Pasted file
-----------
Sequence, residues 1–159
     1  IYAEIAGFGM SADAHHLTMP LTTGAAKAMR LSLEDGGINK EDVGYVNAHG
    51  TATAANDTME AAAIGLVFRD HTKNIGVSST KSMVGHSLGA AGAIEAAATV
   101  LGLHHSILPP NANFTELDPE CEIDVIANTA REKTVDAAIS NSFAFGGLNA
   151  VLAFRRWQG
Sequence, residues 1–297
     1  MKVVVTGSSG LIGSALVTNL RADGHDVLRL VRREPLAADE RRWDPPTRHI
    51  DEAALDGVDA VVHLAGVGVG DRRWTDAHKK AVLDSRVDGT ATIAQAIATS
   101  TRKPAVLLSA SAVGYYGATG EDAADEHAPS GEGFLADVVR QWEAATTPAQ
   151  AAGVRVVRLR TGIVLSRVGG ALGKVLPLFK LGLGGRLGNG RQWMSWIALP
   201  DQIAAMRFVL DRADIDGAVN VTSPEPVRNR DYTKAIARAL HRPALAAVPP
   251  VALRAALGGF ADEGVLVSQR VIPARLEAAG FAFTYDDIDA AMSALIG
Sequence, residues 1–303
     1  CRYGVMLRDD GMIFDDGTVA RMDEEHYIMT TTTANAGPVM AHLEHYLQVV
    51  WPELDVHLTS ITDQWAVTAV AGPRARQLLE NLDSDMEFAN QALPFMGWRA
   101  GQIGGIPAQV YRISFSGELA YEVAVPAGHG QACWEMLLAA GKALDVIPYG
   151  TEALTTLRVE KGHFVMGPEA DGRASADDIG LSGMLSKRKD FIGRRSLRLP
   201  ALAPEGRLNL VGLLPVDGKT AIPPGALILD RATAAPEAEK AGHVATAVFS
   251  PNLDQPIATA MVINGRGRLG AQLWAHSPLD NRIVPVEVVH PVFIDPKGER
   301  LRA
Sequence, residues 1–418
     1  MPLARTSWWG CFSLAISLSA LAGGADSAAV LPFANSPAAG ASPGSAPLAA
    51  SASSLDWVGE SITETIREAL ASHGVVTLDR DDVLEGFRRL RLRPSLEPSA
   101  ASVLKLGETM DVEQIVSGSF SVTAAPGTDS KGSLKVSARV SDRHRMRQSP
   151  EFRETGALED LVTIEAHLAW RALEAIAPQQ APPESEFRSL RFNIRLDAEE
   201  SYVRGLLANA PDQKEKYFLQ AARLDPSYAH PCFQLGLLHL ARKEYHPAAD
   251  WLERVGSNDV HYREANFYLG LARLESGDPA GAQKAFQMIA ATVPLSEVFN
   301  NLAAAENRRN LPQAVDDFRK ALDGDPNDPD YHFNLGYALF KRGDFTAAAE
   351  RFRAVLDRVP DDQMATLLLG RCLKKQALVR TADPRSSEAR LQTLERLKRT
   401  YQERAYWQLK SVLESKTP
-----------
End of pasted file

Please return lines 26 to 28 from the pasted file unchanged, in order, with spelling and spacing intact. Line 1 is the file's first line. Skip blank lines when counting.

   201  SYVRGLLANA PDQKEKYFLQ AARLDPSYAH PCFQLGLLHL ARKEYHPAAD
   251  WLERVGSNDV HYREANFYLG LARLESGDPA GAQKAFQMIA ATVPLSEVFN
   301  NLAAAENRRN LPQAVDDFRK ALDGDPNDPD YHFNLGYALF KRGDFTAAAE